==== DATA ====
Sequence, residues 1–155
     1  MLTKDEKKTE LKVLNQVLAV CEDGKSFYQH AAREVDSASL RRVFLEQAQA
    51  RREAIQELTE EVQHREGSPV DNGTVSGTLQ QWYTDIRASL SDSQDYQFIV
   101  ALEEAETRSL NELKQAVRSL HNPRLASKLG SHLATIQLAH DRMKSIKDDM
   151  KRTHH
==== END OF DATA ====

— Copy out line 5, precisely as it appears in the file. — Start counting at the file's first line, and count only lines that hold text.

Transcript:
   151  KRTHH